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University-Industry Engagement Advisor

Three steps university start-up accelerators can take to support more women entrepreneurs

By Jesse Schwartz
Published: March 13th, 2019

In their recent article for the Stanford Social Innovation Review, Phillip Denny and Rachel Dzombak spell out the ways universities can do more to encourage women-led entrepreneurship.

The authors point to various studies showing that women make up a marginal percentage of the entrepreneurial ecosystem. According to Crunchbase, only 17% of U.S. start-ups had a female founder in 2017, and the Kauffman Foundation found that women are half as likely as men to start a business.

“Accelerators — organizations that encourage, fund, promote and guide startups — have an important role to play in addressing these inequities,” write Denny and Dzombak. “Accelerators within universities — institutes replete with female faculty, researchers, staff and alumna who are often available to help aspiring entrepreneurs — are particularly well suited to the challenge.”

Here are three steps that university accelerators can take to bridge the gender gap, according to Denny and Dzombak:

1. Extensive outreach and mentoring. Accelerators can provide more opportunities for female entrepreneurs to connect with women mentors by extending the runtime of their programs while expanding the number of women mentors.

“We believe this gender parity helps overcome the confidence barrier experienced by some aspiring women entrepreneurs — a barrier documented by decades of research showing men are more likely to be overconfident, and women are more likely to be underconfident in their skills and performance in the workplace,” the authors write.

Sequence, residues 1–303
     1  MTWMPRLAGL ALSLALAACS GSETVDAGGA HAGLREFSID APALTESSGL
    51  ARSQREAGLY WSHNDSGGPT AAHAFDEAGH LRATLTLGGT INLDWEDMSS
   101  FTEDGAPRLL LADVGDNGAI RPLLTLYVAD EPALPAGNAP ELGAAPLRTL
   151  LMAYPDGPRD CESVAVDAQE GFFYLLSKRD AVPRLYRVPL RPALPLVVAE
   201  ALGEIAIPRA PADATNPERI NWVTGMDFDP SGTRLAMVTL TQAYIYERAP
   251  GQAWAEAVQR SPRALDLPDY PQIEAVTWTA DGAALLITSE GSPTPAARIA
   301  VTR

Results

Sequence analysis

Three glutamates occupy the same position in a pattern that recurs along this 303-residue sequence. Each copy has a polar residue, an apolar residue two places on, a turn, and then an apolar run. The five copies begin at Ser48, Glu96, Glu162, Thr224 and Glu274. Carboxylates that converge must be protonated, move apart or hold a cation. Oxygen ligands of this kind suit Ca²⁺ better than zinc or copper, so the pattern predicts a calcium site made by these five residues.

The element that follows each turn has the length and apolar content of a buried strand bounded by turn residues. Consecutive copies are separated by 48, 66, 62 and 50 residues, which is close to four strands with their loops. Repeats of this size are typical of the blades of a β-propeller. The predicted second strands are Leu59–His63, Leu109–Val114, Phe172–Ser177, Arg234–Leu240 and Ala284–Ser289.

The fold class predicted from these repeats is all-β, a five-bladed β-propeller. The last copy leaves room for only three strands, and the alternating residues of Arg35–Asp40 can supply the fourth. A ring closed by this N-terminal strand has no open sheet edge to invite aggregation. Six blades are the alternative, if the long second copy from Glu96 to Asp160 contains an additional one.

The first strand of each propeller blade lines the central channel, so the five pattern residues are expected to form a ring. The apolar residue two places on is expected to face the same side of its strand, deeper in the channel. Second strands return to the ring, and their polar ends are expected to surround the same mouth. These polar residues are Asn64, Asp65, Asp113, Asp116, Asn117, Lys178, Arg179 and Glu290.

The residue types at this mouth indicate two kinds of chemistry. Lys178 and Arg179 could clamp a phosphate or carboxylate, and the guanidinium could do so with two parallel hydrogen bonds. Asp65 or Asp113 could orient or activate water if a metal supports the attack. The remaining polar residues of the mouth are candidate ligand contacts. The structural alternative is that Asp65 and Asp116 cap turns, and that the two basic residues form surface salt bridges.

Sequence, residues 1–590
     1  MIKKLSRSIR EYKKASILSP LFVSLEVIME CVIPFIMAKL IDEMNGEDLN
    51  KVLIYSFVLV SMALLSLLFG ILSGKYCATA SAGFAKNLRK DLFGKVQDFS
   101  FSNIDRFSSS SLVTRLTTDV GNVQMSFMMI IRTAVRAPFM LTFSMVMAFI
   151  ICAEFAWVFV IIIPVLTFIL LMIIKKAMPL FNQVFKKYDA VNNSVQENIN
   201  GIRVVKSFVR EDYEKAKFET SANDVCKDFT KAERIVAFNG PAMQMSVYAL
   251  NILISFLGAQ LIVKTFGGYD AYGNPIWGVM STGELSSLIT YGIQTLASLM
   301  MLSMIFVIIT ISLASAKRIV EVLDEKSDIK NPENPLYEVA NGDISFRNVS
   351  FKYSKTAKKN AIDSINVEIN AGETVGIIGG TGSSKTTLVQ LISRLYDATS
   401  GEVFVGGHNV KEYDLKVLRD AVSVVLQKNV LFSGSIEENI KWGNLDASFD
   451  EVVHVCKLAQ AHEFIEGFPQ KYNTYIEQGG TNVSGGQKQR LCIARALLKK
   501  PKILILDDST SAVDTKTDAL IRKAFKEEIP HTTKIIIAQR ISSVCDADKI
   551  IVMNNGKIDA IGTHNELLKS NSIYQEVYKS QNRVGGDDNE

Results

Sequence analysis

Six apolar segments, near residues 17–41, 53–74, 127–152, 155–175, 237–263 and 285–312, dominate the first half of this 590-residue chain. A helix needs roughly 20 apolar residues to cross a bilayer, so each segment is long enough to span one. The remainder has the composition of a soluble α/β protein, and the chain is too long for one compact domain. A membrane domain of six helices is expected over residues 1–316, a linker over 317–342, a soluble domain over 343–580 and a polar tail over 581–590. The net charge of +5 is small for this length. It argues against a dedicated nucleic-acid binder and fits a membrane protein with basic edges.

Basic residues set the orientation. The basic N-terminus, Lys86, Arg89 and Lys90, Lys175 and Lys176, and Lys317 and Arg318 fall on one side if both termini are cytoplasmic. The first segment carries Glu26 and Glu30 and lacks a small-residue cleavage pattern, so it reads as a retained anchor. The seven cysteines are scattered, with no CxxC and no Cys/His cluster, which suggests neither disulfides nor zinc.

2. More women judges. Referring to a Harvard Business Review article, Denny and Dzombak say that investors “will generally ask promotion-oriented questions to men and prevention-oriented ones to women, and award nearly seven times more investment to start-ups that fielded promotion-based questions.”

According to the authors, installing female judges and investors at accelerator competitions could help address this disparity, as they are better suited to appreciate the barriers that participating women entrepreneurs face.

3. Bias correction. Studies show that women founders are subject to pushback when making presentations to judges and investors, who may assume that women founders lack technical knowledge. “However,” write the authors, “men are permitted to overpitch or oversell their ideas with best-case scenario projections.” One way to correct this bias would be to have contest entrants place their names and bios — and therefore, genders — at the end of their applications. Competitions could also present multiple ways for participants to present their ideas, including written documents, oral presentations, and videos.

“If more university-based programs follow the steps they’ve taken to support women entrepreneurs,” conclude Denny and Dzombak, “they too can play an important role in addressing the gender disparities so evident in American entrepreneurship.”

Source: SSIR

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